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See You There

There are borders

To the state of sadness

Clutching the wire

Looking at you

A tear falls and I fight the urge

To stand up

Wipe it from your eye

Because it isn’t how you escape

And even the most eloquent

Are robbed of words

By the prognoses

Promises unfulfilled

And so, unable to help,

I stand, the kettle is boiling,

And if I cannot fill the empty space

Such change leaves,

Then I will surround it

With my silence

Whisper across the barricades

Where and when I will meet you

Although i do not know the way

I will




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Terse Counsel

there are some

I trust with my secrets

Nothing corrosive

For I’ve been to the ground with


But still

The council of quiet men

Advice which cuts away

Weak and rotting thought

So I return

Hard and strong

Terse counsel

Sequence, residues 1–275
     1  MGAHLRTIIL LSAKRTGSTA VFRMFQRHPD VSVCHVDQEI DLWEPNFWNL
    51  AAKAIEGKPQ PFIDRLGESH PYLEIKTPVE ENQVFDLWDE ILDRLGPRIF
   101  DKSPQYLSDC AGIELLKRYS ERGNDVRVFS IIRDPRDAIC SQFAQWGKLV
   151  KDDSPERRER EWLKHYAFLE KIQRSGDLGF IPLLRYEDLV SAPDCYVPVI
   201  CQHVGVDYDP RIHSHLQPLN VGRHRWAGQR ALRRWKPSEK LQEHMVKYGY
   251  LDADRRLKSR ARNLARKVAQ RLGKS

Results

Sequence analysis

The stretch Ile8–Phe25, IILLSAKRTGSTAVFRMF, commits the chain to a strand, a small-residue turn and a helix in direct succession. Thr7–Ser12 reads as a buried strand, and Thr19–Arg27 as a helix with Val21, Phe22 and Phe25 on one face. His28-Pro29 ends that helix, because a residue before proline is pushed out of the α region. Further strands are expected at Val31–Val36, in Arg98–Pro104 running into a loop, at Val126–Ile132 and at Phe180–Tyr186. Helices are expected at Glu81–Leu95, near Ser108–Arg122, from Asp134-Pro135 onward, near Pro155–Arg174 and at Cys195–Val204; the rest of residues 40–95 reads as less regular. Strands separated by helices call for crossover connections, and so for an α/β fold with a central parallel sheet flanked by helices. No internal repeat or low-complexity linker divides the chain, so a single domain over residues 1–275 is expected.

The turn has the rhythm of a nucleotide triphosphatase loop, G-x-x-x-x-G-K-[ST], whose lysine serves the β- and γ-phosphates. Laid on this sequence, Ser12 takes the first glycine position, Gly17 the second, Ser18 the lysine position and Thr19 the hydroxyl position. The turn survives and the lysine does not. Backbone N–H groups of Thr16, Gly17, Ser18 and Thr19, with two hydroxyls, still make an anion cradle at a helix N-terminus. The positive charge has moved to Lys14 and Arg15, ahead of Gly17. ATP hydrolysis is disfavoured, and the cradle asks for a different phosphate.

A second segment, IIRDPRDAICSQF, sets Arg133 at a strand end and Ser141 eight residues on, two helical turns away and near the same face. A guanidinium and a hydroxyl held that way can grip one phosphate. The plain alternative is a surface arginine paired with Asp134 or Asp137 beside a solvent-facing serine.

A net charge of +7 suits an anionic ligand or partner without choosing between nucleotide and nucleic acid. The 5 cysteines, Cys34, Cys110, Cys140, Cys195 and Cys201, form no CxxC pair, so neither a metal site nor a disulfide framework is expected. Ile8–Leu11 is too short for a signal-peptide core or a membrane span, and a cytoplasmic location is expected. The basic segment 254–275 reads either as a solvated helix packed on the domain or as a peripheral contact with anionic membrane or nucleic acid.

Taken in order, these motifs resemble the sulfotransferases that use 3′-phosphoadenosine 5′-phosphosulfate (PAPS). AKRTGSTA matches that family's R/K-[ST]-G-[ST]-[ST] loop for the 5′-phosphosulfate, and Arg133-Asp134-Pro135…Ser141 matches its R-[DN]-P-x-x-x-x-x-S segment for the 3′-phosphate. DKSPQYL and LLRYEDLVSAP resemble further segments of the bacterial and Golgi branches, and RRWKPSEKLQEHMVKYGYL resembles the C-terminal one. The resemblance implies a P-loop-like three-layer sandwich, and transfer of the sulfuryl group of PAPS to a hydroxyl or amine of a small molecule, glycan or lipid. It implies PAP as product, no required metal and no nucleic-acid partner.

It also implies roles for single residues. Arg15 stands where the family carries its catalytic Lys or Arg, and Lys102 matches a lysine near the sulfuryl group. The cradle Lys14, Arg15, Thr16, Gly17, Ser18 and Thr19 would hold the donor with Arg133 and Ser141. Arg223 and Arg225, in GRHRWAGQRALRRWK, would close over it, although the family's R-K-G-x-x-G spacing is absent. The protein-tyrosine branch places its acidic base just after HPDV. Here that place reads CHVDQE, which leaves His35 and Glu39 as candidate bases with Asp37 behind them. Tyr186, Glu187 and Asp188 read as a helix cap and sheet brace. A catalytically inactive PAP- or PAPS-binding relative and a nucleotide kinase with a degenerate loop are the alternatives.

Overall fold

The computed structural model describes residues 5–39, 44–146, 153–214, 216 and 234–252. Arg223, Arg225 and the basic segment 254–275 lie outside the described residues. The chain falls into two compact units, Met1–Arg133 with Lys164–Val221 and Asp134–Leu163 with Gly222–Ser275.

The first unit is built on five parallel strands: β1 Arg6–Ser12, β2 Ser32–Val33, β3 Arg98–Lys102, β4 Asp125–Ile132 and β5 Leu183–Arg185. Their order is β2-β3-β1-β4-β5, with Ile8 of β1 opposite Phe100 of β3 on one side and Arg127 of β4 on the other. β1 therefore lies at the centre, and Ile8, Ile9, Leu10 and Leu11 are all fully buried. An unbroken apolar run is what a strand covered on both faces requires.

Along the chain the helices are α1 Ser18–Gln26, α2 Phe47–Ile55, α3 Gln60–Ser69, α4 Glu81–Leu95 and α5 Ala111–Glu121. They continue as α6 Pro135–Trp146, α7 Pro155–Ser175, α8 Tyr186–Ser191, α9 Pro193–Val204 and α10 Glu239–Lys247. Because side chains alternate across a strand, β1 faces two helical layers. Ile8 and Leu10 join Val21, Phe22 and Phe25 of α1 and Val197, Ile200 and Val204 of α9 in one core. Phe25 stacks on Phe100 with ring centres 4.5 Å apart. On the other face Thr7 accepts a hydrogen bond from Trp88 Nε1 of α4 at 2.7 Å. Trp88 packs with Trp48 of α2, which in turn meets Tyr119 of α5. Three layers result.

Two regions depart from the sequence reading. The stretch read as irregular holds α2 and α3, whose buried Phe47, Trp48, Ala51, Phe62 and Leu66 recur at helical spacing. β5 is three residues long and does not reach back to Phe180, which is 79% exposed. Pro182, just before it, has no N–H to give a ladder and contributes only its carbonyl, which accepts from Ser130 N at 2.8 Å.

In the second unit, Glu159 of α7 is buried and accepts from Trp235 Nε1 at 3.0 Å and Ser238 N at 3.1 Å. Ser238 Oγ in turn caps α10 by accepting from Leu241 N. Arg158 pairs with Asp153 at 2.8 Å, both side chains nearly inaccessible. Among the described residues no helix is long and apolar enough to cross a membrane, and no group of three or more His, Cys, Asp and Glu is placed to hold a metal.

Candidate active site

Growling in my bones

Sit with women

Knowing I spare her

My weaknesses

But not 

My attention

Masculine energy renewed

In their company

Or in solitude

Both the same

Both the same

Both the same

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Friendship is Forever



You last saw her on the corner of Garden Street, just before the stretch of wasteland which became a stretch of motorway ten years later.


You had been arguing about something. Someone.


Terry Yates. The first time anyone or anything had come between you, and it was a bloody boy.


You remembered the way the conversation slid out of control, all the little resentments building up like the start of an infection, making you flushed and shaky as you screamed at one another. No one stopped to ask what was wrong, because back then, as a child, you could wander off and have adventures.


Earning scars to build armour with.


But you were giving them to one another.


Mary Paul.


Twelve years old and the best friend you ever had.


Your cheek tingles when its cold. The doctor never explained it but you think its a sense memory. The crack of her palm against it when you spat how her brother was a queer.


Her eyes bulging with shock and her hand coming up, faster than the fading light.


You rocked back, hand pressed against it as you hiss at her, wishing she was dead.


You remember it as hissing, but late at night, you remember how you screamed it at her.


She ran off, and you watched her leave as something sat on your chest, made you sit down and put your head between your knees and cry yourself sick.